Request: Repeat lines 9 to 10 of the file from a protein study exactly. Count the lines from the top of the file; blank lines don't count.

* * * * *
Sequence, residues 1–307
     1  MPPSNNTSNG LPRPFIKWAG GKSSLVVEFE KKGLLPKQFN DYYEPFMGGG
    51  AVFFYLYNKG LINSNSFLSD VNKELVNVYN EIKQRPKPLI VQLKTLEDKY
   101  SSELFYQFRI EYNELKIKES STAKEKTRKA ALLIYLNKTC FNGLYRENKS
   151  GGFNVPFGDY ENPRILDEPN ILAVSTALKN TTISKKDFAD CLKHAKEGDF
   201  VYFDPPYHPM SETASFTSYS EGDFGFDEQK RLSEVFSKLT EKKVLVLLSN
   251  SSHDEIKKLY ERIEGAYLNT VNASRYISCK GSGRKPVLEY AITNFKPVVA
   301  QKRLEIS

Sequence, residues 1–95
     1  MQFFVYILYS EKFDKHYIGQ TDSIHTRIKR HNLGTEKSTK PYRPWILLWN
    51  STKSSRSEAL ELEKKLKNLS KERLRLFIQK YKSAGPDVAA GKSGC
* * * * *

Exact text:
Sequence, residues 1–95
     1  MQFFVYILYS EKFDKHYIGQ TDSIHTRIKR HNLGTEKSTK PYRPWILLWN